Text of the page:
Oklahoma City teacher running for office laid off by school district: A metro teacher who is running for state office is one of more than 200 teachers being laid off by the Oklahoma City school district. Mickey Dollens is losing his job as a freshman English teacher at U.S. Grant High School. He’s using it as a real life lesson for his students. “Sometimes life throws at us situations that we can’t always control. But what can we control?” Dollens asked his students in class Thursday afternoon. “Ourselves,” his class replied. [KFOR]

State budget crisis could force Kirkland Elementary students to switch schools: The Putnam City School Board will soon consider a proposal that would only allow pre-kindergarten through second grade to remain at Kirkland Elementary, turning the school into an early childhood center. The third-, fourth- and fifth-grade students would be moved to either Rollingwood Elementary or Coronado Heights Elementary. If approved, class sizes could grow by about three to five more students. [KOCO]

Ada holds rally to empower Oklahoma schools amid budget crisis: More than 400 people from several school districts came together at Ada Cougar Activity Center Tuesday night to show support for Oklahoma schools. Parent said they were thankful for the opportunity to show appreciation for their teachers. The rally comes less than a week after Ada schools announced they are shortening the school year to save money for next year’s budget cuts. Larger class sizes and a continued hiring freeze are expected in the days to come. [News12]

Sen. Mike Mazzei argues tax cut can be stopped without supermajority: Oklahoma will have $1.3 billion less to appropriate for fiscal 2017. But if you think we can write a balanced budget and avoid any cuts to our schools, health care or public safety by cutting other agencies and services, think again. If you remove all the agencies that deal with those core services and then completely eliminate everything else altogether, you’d only close the budget gap by about $500 million — less than half of the shortfall. [Sen. Mike Mazzei / Tulsa World]

Measure would let Dept. of Labor issue fines: A proposal to let the Oklahoma Department of Labor implement fines is one vote away from the governor’s desk. Senate Bill 1198, if adopted, would give the DOL authority to create an administrative fine schedule for workplace safety violations. State law already allows the department to seek misdemeanor criminal charges for violations. State Rep. John Paul Jordan, an author of the bill, said the provisions would give an inspector another choice besides criminal charges or nothing at all. [Journal Record]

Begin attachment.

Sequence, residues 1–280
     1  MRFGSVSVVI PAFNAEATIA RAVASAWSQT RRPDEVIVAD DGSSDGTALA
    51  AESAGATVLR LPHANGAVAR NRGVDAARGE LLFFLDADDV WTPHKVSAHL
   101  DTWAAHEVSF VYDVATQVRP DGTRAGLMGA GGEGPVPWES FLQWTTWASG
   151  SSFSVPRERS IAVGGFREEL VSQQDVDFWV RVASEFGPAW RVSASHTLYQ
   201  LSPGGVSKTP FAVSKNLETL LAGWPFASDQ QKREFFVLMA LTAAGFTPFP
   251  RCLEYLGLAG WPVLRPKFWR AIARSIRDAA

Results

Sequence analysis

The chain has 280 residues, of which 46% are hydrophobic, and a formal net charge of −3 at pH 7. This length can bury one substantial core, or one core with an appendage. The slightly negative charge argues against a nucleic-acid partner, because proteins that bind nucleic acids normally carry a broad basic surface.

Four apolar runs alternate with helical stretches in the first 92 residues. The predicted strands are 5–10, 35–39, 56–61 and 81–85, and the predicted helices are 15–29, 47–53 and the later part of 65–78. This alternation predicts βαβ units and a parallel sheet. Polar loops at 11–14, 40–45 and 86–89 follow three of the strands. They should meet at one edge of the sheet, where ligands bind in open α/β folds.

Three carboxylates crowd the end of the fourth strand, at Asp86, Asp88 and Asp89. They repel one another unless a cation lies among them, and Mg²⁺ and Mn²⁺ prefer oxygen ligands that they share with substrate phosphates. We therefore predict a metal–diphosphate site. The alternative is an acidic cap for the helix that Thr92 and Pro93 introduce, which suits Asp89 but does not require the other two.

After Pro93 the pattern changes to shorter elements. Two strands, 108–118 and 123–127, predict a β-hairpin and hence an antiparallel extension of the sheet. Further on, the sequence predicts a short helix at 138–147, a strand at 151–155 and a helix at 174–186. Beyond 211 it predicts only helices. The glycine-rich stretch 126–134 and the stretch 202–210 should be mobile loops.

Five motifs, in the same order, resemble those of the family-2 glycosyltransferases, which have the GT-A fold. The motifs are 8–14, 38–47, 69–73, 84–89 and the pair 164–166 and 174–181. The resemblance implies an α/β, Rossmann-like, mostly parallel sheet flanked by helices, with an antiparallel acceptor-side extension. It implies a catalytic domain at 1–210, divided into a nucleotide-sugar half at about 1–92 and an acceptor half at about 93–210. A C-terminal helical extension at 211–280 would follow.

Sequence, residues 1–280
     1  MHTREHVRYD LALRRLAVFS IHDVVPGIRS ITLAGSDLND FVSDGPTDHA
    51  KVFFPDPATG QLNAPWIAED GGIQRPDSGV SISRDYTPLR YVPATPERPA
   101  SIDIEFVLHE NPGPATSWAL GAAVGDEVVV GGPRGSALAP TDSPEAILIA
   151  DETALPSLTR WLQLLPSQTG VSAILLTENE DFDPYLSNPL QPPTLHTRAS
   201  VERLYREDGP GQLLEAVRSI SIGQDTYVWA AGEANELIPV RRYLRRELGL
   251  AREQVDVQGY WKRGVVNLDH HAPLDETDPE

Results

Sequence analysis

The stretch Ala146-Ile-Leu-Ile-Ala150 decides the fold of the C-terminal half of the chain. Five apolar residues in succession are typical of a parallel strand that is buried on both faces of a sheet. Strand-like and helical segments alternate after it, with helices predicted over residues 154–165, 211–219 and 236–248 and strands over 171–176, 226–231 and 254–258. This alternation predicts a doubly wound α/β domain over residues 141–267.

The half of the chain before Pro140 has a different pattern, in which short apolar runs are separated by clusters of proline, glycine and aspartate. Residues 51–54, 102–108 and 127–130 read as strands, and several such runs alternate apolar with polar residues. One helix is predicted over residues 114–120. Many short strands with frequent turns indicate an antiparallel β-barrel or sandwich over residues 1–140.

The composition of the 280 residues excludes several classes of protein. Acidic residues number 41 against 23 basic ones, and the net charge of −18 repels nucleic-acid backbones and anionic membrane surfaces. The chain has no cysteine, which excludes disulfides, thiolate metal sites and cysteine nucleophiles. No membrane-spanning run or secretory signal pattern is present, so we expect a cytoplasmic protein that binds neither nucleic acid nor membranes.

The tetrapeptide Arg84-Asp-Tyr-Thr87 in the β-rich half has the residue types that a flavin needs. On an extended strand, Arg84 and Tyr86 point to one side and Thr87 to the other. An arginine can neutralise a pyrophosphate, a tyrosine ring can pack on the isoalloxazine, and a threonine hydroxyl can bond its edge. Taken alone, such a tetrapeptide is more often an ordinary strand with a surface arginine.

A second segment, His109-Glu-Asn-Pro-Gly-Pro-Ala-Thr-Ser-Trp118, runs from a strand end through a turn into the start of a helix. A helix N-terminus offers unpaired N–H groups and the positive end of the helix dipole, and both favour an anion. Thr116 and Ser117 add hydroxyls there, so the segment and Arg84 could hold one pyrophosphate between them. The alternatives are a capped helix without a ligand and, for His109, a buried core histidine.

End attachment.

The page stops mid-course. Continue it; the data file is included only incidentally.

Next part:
Oklahoma gasoline taxes haven’t been raised in nearly three decades: The amount of tax drivers pay at the pumps in Oklahoma hasn’t increased in nearly 30 years. A look at this tax by the Oklahoma Policy Institute show Oklahoma is losing out on millions of dollars a year by not raising it. The state collects 17 cents a gallon on regular gas and 14-cents a gallon of diesel. Those rates were set in 1987 [Fox 25]. A temporary gas tax increase whenever prices are low could help stabilize Oklahoma’s revenue rollercoaster [OK Policy].

Bond issues, tax proposals to highlight Tuesday’s ballot in Oklahoma: Shawnee voters are being asked to approve a $32 million bond issue that would fund a new elementary school, renovation and upgrades at Shawnee High School and several other construction projects. The proposal is one of several matters on ballots in the greater Oklahoma City metropolitan area Tuesday [NewsOK]. Tulsa County voters will elect a new sheriff and vote on four propositions to extend a sales tax assessment for public safety, transportation, economic development, and county infrastructure [Tulsa World].

Con-con: A bad idea that won’t go away: It’s the bad idea that simply won’t go away: A constitutional convention. On the surface, it sounds perfectly reasonable: Delegates from all 50 states comes together to approve an amendment (or amendments) that will make the country better. What could be more democratic? Well, other than every voter in the country going to the polls to approve or disapprove every law, bill or amendment proposed in Congress. That’s the dirty little secret: Pure democracy would likely be a mess. [Mike Jones / Tulsa World] We don’t need to put everything at risk with a constitutional convention whose course and outcome can neither be known nor controlled. [OK Policy]